The Great Loyalty Oath Crusade

The following is an excerpt from Joseph Heller’s Catch 22. Heller’s novel was published sixty years ago, and thus has absolutely nothing to tell us about the modern world. We can’t even figure out why we thought to post it.

Almost overnight the Glorious Loyalty Oath Crusade was in full flower, and Captain Black was enraptured to discover himself spearheading it. He had really hit on something. All the enlisted men and officers on combat duty had to sign a loyalty oath to get their map cases from the intelligence tent, a second loyalty oath to receive their flak suits and parachutes from the parachute tent, a third loyalty oath for Lieutenant Balkington, the motor vehicle officer, to be allowed to ride from the squadron to the airfield in one of the trucks. Every time they turned around there was another loyalty oath to be signed. They signed a loyalty oath to get their pay from the finance officer, to obtain their PX supplies, to have their hair cut by the Italian barbers. To Captain Black, every officer who supported his Glorious Loyalty Oath Crusade was a competitor, and he planned and plotted twenty-four hours a day to keep one step ahead. He would stand second to none in his devotion to country. When other officers had followed his urging and introduced loyalty oaths of their own, he went them one better by making every son of a bitch who came to his intelligence tent sign two loyalty oaths, then three, then four; then he introduced the pledge of allegiance, and after that ‘The Star-Spangled Banner,’ one chorus, two choruses, three choruses, four choruses. Each time Captain Black forged ahead of his competitors, he swung upon them scornfully for their failure to follow his example. Each time they followed his example, he retreated with concern and racked his brain for some new stratagem that would enable him to turn upon them scornfully again.

Without realizing how it had come about, the combat men in the squadron discovered themselves dominated by the administrators appointed to serve them. They were bullied, insulted, harassed and shoved about all day long by one after the other. When they voiced objection, Captain Black replied that people who were loyal would not mind signing all the loyalty oaths they had to. To anyone who questioned the effectiveness of the loyalty oaths, he replied that people who really did owe allegiance to their country would be proud to pledge it as often as he forced them to. And to anyone who questioned the morality, he replied that ‘The Star-Spangled Banner’ was the greatest piece of music ever composed. The more loyalty oaths a person signed, the more loyal he was; to Captain Black it was as simple as that, and he had Corporal Kolodny sign hundreds with his name each day so that he could always prove he was more loyal than anyone else.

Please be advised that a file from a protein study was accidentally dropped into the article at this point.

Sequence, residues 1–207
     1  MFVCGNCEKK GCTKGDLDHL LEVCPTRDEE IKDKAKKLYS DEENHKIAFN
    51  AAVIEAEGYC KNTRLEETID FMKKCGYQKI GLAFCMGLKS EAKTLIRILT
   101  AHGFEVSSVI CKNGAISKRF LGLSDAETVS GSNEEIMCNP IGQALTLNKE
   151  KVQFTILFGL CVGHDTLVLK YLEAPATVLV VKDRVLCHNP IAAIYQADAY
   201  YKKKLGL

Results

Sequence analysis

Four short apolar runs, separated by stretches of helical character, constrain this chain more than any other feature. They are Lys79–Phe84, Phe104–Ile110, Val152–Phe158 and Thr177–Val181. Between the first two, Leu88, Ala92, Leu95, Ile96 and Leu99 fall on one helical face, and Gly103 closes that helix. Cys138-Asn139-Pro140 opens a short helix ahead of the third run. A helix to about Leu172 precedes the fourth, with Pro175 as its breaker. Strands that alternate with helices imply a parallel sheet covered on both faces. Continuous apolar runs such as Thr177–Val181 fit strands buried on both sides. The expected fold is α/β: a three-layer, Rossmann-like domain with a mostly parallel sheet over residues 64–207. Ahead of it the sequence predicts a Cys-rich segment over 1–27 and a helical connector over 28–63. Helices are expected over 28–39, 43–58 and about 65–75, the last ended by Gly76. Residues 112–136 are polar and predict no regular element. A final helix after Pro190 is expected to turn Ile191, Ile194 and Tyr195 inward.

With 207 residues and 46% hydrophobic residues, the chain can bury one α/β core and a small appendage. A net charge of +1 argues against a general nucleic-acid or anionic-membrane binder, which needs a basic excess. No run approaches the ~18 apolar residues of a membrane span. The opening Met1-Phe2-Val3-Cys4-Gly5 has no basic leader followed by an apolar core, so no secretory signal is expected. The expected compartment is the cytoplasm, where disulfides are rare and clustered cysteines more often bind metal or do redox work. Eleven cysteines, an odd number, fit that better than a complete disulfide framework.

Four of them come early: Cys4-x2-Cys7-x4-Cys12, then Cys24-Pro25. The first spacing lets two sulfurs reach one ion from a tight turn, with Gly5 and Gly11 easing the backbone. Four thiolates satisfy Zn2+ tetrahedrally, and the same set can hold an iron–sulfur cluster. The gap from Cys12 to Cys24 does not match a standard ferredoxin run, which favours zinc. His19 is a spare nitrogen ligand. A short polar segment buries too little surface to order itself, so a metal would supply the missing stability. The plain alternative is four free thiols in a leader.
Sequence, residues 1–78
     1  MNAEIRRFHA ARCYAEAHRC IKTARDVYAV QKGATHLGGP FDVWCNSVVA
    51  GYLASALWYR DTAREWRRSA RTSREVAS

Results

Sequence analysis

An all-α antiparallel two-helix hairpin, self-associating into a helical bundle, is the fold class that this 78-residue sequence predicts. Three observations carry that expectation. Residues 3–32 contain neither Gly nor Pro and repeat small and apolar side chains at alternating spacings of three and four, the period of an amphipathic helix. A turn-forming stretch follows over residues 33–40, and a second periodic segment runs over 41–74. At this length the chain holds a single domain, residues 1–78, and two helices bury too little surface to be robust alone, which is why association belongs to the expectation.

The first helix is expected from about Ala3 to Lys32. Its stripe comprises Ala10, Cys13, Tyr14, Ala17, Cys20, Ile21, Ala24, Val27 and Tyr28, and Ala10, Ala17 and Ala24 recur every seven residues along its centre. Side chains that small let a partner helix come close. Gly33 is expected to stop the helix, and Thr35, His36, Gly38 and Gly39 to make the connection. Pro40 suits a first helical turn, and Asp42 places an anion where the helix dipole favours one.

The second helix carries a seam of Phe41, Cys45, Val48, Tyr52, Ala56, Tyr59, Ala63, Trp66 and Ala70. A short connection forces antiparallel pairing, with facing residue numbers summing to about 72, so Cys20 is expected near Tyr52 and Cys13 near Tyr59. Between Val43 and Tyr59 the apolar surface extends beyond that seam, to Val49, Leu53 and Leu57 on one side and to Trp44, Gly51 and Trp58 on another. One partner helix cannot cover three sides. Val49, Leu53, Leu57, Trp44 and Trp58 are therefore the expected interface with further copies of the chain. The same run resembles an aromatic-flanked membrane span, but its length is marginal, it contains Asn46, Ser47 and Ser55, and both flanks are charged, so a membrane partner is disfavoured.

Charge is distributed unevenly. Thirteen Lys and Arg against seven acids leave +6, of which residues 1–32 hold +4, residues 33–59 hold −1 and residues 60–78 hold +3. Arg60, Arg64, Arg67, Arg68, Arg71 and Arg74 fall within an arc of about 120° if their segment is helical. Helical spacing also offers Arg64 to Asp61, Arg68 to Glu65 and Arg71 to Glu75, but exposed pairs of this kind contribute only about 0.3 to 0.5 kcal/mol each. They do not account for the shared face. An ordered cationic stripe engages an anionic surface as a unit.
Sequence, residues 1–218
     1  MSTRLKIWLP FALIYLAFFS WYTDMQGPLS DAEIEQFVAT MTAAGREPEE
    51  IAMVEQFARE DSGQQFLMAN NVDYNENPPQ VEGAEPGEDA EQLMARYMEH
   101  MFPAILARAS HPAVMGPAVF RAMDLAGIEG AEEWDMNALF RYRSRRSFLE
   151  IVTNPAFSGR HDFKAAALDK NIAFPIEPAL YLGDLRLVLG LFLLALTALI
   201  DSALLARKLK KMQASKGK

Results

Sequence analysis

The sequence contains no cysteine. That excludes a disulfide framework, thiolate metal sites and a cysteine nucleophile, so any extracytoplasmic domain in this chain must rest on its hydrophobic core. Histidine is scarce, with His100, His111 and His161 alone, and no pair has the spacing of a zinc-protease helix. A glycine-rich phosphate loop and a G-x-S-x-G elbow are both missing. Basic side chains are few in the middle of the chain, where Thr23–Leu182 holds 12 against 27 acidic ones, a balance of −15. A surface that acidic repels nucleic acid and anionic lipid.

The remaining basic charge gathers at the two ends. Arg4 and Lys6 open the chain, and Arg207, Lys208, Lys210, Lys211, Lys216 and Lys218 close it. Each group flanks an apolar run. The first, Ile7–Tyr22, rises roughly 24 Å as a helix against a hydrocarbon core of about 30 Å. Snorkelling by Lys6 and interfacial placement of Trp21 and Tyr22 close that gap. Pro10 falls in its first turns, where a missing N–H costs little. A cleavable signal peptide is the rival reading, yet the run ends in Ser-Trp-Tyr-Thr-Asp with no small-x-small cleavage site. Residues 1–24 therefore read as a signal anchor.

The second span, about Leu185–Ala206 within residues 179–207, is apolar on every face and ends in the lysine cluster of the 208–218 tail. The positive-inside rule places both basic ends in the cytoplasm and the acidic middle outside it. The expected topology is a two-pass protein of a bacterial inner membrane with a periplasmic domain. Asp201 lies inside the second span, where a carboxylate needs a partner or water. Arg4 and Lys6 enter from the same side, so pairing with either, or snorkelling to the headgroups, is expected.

‘The important thing is to keep them pledging,’ he explained to his cohorts. ‘It doesn’t matter whether they mean it or not. That’s why they make little kids pledge allegiance even before they know what “pledge” and “allegiance” mean.’

To Captain Piltchard and Captain Wren, the Glorious Loyalty Oath Crusade was a glorious pain in the ass, since it complicated their task of organizing the crews for each combat mission. Men were tied up all over the squadron signing, pledging and singing, and the missions took hours longer to get under way. Effective emergency action became impossible, but Captain Piltchard and Captain Wren were both too timid to raise any outcry against Captain Black, who scrupulously enforced each day the doctrine of ‘Continual Reaffirmation’ that he had originated, a doctrine designed to trap all those men who had become disloyal since the last time they had signed a loyalty oath the day before. It was Captain Black who came with advice to Captain Piltchard and Captain Wren as they pitched about in their bewildering predicament. He came with a delegation and advised them bluntly to make each man sign a loyalty oath before allowing him to fly on a combat mission.

‘Of course, it’s up to you,’ Captain Black pointed out. ‘Nobody’s trying to pressure you. But everyone else is making them sign loyalty oaths, and it’s going to look mighty funny to the F.B.I. if you two are the only ones who don’t care enough about your country to make them sign loyalty oaths, too. If you want to get a bad reputation, that’s nobody’s business but your own. All we’re trying to do is help.’